eicker.TV gibt es als Vlog auf YouTube, TikTok, Instagram und zusätzlich als Podcast auf SoundCloud: Der Podcast kann bei Apple, Google, Spotify und über viele weitere Podcastclients abonniert werden.

Content-Moderation vs Meinungsfreiheit?

„Trump unterzeichnet Erlass zu Sozialen Medien – US-Präsident Trump geht nach dem Faktencheck eines seiner Tweets gegen Twitter und andere soziale Netzwerke vor. Einen entsprechenden Erlass unterzeichnete er im Oval Office. … Sollte das Dekret umgesetzt werden, wären Klagen gegen die sozialen Medien wegen der auf ihnen veröffentlichten Inhalte möglich. – Bislang regelt die sogenannte ‚Section 230‘ die Sozialen Netzwerke in den USA. Diese Regelung besagt, dass Online-Dienste nicht für von Nutzern veröffentlichte Inhalte wie Kommentare und Videos haftbar gemacht werden können, sondern lediglich als Verbreiter im technischen Sinne gelten. … Würden die Plattformbetreiber künftig, wie offenbar von Trump geplant, als redaktionelle Dienstleister angesehen, könnten sie für alle Inhalte, die von ihren Nutzern gepostet werden, verantwortlich gemacht werden.“


„The Two Things To Understand About Trump’s Executive Order On Social Media: (1) It’s A Distraction (2) It’s Legally Meaningless – We’ve officially reached pure silly season when it comes to internet regulations. For the past two years now, every so often, reports have come out that the White House was exploring issuing an executive order trying to attack Section 230 and punish companies for the administration’s belief in the myth that content moderation practices at large social media firms are ‚biased‘ against conservatives. … To be clear: the executive order is nonsense. You can’t overrule the law by executive order, nor can you ignore the Constitution. This executive order attempts to do both. It’s also blatantly anti-free speech, anti-private property, pro-big government – which is only mildly amusing, given that Trump and his sycophantic followers like to insist they’re the opposite of all of those things.“


„Trump Executive Order Misreads Key Law Promoting Free Expression Online and Violates the First Amendment – President Trump’s Executive Order targeting social media companies is an assault on free expression online and a transparent attempt to retaliate against Twitter for its decision to curate (well, really just to fact-check) his posts and deter everyone else from taking similar steps. The good news is that, assuming the final order looks like the draft we reviewed on Wednesday, it won’t survive judicial scrutiny. To see why, let’s take a deeper look at its incorrect reading of Section 230 (47 U.S.C. § 230) and how the order violates the First Amendment.“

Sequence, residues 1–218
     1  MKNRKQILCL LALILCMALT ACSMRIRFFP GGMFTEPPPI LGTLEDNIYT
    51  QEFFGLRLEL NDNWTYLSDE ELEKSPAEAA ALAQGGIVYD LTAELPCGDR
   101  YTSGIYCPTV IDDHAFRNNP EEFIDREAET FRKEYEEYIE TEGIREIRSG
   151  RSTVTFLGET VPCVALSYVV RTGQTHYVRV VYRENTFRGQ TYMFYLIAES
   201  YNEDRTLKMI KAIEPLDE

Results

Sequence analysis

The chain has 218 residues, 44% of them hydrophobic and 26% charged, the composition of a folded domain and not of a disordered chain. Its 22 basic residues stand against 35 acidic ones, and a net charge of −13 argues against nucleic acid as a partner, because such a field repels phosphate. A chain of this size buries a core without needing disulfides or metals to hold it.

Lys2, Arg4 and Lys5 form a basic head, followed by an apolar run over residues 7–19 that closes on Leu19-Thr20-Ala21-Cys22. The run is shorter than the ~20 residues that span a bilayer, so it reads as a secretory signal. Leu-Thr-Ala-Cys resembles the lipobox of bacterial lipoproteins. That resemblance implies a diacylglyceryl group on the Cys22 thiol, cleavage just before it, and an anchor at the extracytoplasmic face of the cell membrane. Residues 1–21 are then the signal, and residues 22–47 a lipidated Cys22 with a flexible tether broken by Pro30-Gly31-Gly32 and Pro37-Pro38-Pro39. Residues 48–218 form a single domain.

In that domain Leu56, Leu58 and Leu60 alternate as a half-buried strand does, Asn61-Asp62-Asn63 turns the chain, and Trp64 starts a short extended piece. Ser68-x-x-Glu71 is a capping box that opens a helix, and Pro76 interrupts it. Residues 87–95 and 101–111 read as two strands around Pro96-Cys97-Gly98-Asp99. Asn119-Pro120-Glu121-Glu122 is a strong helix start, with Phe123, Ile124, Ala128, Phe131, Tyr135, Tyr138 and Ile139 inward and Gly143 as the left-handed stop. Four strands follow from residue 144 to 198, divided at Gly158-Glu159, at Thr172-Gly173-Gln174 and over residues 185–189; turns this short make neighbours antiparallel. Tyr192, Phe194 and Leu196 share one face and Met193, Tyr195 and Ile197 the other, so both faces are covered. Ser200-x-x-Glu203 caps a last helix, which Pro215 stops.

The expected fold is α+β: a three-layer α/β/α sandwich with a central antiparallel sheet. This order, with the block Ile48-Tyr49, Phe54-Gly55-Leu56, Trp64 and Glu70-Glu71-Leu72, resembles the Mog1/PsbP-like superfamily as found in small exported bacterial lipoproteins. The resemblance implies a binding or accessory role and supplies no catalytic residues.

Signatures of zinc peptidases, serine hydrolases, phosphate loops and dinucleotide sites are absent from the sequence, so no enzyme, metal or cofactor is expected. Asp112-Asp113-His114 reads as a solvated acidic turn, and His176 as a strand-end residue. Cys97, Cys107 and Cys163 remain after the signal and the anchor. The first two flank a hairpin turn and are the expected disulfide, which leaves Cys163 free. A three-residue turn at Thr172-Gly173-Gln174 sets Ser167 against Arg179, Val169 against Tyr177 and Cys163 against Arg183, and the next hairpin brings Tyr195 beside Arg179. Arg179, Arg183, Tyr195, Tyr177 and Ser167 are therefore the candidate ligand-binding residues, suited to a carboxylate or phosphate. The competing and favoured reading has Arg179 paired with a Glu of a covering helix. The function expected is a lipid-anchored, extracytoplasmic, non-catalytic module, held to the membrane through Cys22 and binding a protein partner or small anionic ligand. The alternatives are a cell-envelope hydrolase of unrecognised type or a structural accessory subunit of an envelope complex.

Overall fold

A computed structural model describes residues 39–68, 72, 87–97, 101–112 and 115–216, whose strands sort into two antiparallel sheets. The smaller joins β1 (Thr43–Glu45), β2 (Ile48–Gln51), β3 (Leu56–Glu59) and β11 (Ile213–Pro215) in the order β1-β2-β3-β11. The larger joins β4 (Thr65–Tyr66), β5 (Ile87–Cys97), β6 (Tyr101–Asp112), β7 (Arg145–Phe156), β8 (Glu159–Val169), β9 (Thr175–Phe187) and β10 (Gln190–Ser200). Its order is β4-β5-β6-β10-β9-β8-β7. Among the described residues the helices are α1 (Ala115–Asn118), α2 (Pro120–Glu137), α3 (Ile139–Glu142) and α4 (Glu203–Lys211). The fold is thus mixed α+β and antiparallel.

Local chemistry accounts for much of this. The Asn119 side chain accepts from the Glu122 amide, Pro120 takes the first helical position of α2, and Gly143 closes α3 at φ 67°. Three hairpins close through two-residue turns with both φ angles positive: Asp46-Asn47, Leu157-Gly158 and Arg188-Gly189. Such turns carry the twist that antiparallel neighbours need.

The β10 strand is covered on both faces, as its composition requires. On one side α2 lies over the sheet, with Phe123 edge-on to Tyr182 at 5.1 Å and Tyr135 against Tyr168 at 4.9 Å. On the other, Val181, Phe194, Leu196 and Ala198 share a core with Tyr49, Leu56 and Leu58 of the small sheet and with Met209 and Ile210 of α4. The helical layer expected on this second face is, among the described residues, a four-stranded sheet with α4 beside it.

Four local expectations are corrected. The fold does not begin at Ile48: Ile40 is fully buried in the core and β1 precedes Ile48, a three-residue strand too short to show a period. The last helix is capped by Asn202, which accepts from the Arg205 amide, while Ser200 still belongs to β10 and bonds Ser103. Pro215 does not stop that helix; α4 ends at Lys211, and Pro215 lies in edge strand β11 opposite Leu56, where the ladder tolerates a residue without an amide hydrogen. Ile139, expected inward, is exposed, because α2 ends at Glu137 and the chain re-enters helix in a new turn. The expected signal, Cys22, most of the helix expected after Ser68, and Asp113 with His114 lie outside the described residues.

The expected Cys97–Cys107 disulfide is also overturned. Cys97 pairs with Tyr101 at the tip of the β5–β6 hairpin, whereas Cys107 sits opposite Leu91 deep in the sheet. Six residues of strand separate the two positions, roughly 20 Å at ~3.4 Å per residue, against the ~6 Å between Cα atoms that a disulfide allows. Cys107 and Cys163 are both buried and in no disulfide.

„Inside Twitter’s Decision to Fact-Check Trump’s Tweets – Brandon Borrman, Twitter’s vice president of global communications, talked to OneZero about the company’s decision. That conversation, coupled with information from other Twitter representatives and public statements from the company’s executives, shed light on just how the company arrived at that fateful fact-check, and the roles played by Roth and others, including CEO Jack Dorsey. It adds up to a picture of a company that knew full well what it was doing when it fact-checked the president – and what kind of reaction it would spark from the White House. – ‚The company needed to do what’s right, and we knew from a comms perspective that all hell would break loose,‘ Borrman told OneZero. … On Wednesday evening, Dorsey said in a series of tweets that he took responsibility for the decision to add a label to Trump’s tweets and stood by it, adding, ‚Please leave our employees out of this.'“